I guess people in here do not have common sense to read whats on the screen when you first turn on your computer. Something like "Press blah,blah to enter in BIOS setup". Usually its in bold white text. You can not miss it during the boot process unless you activate quick boot in the BIOS.

theweirdone, when you burn the CDs did you select burn with an image or did you select burn with a file because I can see why you are having problems. Re-burn your CD but make sure you select burn with from an image or something similar. This problem is the highest on the list when people switch from Windows to Linux. Before you burn the images to the CDs, use an md5sum program to verify if they are correct. If you used BitTorrent to download the images, you do not have to verify the images because BitTorrent always verify when downloading files. Setting your system to fail-safe settings will make installing Linux a little easier. Setting the hard drive geometry format to LBA instead of auto, large, or normal will squeeze out bootloader problems, but I suggest backing up your drive before making this change.

Keep an eye on system temperature in Linux because it uses every last drop of performance that your computer has. Windows only uses about 70% to 80% of your computer so you can easily overclock it or use a cheaper heatsink. In Linux, overclocking or using cheap heatsinks is not very smart.


snatale1, hows that is that what you wanted.
 
Old 11-06-2004, 09:03 PM   #8
snatale1
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Quote:
Originally posted by Electro
[B]That was not bullshit. What I mean is some old computers can only boot to devices that are set as Master. Your CD-ROM can be either on Primary or Secondary channel on your IDE controller. If you know this, you will understand.
I'll well aware of system building and the configuration. I was not saying your wrong. THe prob is the way you word things basically defends what the Windows world says. "Normal people can't use linux" "You need the be a compu nerd to be able to understand linux" Unless you can build your own computer you can't use linux" In the Slack world maybee, but the weirdone is trying MDK, and only held up by a boot order. Way back to my 233mhz machine still had boot order in the setup.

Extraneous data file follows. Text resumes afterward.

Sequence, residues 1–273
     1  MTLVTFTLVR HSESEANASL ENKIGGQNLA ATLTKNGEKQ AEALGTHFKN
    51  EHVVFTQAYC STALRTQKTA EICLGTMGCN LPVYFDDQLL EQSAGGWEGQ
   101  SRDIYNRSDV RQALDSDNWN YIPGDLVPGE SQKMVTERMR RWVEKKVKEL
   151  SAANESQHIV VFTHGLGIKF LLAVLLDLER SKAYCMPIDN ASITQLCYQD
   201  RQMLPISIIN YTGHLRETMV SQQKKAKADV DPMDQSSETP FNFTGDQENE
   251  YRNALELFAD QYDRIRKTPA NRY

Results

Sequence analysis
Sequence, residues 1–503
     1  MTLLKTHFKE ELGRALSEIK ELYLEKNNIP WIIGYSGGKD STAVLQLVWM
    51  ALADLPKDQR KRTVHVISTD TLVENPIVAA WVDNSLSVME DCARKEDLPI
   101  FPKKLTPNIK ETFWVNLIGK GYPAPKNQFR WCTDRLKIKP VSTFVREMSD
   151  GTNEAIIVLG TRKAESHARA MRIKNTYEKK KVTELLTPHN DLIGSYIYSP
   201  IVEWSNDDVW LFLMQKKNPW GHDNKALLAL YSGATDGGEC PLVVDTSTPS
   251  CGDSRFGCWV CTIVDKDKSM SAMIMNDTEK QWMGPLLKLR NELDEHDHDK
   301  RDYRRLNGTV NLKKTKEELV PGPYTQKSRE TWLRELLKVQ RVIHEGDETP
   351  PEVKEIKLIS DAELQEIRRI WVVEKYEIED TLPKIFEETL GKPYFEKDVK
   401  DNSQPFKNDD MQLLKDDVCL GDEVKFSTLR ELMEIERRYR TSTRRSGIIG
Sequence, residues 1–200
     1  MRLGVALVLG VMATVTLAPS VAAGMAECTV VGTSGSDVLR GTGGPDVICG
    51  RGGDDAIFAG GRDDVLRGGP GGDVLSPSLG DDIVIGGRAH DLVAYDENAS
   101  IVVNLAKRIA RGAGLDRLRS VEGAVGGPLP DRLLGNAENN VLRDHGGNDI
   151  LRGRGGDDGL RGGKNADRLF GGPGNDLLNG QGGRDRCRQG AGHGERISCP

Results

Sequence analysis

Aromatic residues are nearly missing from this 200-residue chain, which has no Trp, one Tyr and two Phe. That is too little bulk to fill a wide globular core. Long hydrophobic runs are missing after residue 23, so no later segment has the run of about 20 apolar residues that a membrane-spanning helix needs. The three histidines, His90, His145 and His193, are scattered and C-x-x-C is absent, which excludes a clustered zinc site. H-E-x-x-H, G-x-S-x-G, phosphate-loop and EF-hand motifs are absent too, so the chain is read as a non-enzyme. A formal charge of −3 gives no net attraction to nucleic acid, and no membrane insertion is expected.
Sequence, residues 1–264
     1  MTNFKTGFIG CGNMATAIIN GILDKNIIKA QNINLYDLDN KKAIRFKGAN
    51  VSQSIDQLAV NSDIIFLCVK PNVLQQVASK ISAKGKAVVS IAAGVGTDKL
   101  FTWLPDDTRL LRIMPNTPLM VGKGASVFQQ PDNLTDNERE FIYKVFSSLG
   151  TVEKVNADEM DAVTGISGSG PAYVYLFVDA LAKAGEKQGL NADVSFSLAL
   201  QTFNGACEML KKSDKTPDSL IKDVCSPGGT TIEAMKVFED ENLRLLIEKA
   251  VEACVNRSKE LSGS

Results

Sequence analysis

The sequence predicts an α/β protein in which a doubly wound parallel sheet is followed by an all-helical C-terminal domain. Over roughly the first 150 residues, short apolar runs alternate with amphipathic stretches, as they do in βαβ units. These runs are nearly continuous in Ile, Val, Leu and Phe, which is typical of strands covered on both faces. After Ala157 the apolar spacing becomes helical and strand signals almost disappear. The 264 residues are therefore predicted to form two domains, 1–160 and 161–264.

So i'm sure his does, He asked a simple question. If that was me not knowing anything a would have been discouraged by that post, thats all....who cares prob solved hopefully.
 
Old 11-06-2004, 09:46 PM   #9
stuart1946
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Registered: Oct 2004
Location: west coast of Canada
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Quote:
i have tried for about 4 days now to install mandrake 9.1 and 10.1... failed miserably... when i reboot (with floppy and cd) it says "boot failed"... donno what to do...
back to the original problem...

I had a similar problem with an older machine.

Mandrake 9.2 installed ok, but that system would not boot up. I moved the hard drive to a newer machine, and that install booted up ok. I moved the working install from the newer machine to the old one, and it refused to boot.
Both machines had been running windows 98 with no problems.
I do not have an explanation, just guessing that the bios does not like lilo. Didn't know enough at the time to try grub

I also had trouble getting the old machine to boot from the cd - ended up making a boot floppy.
Neither machine would boot from or read from the dvd, so I had to burn the 4 cd images.

About the boot priority, most modern bios will support selecting the boot device.
some use first hard drive (primary master)
second hard drive (primary slave)
third hard drive (secondary master)

some call the drives (mistakenly) drive c drive d etc

others use floppy, ide (primary master) cd-rom
these can be fussy about where the cdrom is located, and may not give you multiple hard drives to choose from.

for now, blame the bios (upgrade maybe?) and try a different way to boot up.

Stuart